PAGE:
One of the world’s most common ways to combine grapes is the GSM blend. The abbreviation GSM stands for the three varietals Grenache (Noir), Syrah, and Mourvèdre. All of them are red varieties, and they add different characteristics to a wine:

  • Grenache usually is the dominant grape. It contributes fruity as well as spicy aromas and body to the wine.
  • Syrah adds more fruits, spicy and smoky notes, and also an intense color.
  • Mourvèdre contributes structure and elegance together with a good level of tannins.

The first to create GSM wines were French winemakers in the Rhône Valley. And the region is still home to some of the best GSM blends, namely Châteauneuf du Pape wines. While local vintners also produce white wines, red GSM blends are the appellation’s most prestigious wines. They are bold, tannic, and full of fruity flavors when young. With age, they develop spicy, smoky, and herbal aromas.

The following bottles are worth opening:

Domaine du Vieux Telegraphe Chateauneuf-du-Pape La Crau 2019

  • type: red, still, Vintage
  • origin: France, Rhône Valley
  • varietal: Cinsault, Grenache, Mourvèdre, Syrah
  • alcohol: 14.5%

Chateau Fortia Cuvee du Baron Chateauneuf-du-Pape 2018

  • type: red, still, Vintage
  • origin: France, Rhône Valley
  • varietal: Grenache, Mourvèdre, Syrah
  • alcohol: 14.5%

Guillaume Gonnet Chateauneuf du Pape Bel Ami 2019

  • type: red, still, Vintage
  • origin: France, Rhône Valley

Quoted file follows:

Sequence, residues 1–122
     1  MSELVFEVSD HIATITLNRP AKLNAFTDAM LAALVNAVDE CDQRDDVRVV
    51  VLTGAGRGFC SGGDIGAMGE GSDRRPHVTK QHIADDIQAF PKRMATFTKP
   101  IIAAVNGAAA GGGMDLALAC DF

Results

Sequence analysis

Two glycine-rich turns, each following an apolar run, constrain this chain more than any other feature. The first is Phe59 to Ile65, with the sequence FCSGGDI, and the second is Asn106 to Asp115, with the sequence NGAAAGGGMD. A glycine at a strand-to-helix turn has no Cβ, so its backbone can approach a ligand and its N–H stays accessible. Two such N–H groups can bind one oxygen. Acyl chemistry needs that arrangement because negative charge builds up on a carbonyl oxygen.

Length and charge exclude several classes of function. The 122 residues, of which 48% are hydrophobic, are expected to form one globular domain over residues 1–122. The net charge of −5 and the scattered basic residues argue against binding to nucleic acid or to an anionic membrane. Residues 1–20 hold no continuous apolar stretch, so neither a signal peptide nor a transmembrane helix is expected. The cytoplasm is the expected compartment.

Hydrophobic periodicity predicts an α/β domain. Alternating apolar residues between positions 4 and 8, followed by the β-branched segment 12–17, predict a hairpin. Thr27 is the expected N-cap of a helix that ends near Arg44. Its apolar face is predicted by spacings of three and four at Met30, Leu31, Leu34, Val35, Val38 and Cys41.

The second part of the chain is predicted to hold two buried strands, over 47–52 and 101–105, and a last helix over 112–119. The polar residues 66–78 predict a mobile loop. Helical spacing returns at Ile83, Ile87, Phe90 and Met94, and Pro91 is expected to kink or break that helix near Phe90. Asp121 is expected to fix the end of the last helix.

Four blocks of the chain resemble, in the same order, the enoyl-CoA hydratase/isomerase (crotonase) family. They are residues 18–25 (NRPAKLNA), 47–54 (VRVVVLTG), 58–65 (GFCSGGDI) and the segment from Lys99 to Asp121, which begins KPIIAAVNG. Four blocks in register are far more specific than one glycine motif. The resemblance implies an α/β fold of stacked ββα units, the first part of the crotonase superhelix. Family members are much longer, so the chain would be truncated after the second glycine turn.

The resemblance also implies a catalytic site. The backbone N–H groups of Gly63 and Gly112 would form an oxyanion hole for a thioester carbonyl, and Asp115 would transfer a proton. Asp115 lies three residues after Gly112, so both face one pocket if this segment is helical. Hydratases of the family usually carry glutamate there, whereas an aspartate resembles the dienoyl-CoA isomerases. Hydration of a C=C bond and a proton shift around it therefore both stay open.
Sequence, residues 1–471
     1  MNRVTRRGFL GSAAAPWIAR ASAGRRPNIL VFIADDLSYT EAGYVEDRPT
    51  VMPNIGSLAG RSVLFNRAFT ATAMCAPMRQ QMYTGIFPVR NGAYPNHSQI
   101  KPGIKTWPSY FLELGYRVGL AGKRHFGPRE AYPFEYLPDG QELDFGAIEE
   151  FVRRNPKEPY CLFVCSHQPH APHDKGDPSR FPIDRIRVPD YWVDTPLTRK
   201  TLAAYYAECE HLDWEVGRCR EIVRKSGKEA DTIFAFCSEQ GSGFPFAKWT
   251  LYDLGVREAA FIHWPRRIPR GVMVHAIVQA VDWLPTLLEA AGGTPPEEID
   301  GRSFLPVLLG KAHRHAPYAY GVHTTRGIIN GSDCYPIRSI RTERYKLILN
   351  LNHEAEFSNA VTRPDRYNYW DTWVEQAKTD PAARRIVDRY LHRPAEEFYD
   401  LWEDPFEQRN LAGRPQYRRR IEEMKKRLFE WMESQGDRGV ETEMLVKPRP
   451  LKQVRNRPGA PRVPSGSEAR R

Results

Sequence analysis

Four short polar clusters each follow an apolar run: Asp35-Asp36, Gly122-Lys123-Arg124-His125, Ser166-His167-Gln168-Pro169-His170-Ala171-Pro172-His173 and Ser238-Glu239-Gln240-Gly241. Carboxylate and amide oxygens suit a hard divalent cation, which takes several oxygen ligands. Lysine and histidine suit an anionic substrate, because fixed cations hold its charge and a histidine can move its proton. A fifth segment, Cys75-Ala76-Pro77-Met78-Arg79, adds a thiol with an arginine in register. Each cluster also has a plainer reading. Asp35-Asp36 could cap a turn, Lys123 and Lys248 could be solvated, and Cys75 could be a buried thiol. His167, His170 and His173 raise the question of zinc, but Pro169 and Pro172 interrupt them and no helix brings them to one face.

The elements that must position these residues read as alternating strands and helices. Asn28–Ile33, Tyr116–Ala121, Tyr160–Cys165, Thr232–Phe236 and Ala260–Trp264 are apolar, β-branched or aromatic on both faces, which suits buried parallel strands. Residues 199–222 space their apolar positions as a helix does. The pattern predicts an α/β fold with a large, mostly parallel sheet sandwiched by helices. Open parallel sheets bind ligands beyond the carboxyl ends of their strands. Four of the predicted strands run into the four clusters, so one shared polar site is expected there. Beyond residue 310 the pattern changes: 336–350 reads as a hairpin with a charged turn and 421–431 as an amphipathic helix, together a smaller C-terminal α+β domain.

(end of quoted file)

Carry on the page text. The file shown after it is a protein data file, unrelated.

• varietal: Cinsault, Grenache, Mourvèdre, Syrah
  • alcohol: 14.5%

Besides the original from France, you can find plenty of great GSM wines from around the world. In the following paragraphs, we will briefly discuss the most noteworthy of them.


In California, GSM wines are well-known as well. And due to the different microclimates in the Golden State and vintners’ willingness to experiment, they are very versatile. You can find styles with very different blending ratios, including Mourvèdre-dominated wines. Some winemakers also replace Mourvèdre with other varietals such as Petite Sirah. GSM wines from California tend to be bolder than their European counterparts, with a great structure, rich texture, and intense red and black fruit flavors.

Here are some examples of Californian blends that feature Grenache:

Larner Elemental GSM 2018

  • type: red, still, Vintage
  • origin: United States, California
  • varietal: Grenache, Mourvèdre, Syrah
  • alcohol: 14.5%

Sarah’s Vineyard Madonne GSM 2017

  • type: red, still, Vintage
  • origin: United States, California
  • varietal: Counoise, Grenache, Mourvèdre, Syrah
  • alcohol: 14.5%

Big Basin Gabilan Mountains GSM 2014

  • type: red, still, Vintage
  • origin: United States, California
  • varietal: Grenache, Mourvèdre, Syrah
  • alcohol: 14.5%


Many winemakers in Southern Australia produce GSM blends with bigger portions of Syrah (or Shiraz as Australians call it). In some cases, Shiraz is even the dominant variety, leading to these wines being labeled as SGM wines. They tend to be more fruit-driven than European styles and offer intense aromas of spices and perceivable oaky notes.